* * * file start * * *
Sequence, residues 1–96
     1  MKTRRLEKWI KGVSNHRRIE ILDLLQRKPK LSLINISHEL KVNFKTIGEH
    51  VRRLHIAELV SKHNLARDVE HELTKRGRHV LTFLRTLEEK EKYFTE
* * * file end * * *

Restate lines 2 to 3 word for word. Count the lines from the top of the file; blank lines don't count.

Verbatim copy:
     1  MKTRRLEKWI KGVSNHRRIE ILDLLQRKPK LSLINISHEL KVNFKTIGEH
    51  VRRLHIAELV SKHNLARDVE HELTKRGRHV LTFLRTLEEK EKYFTE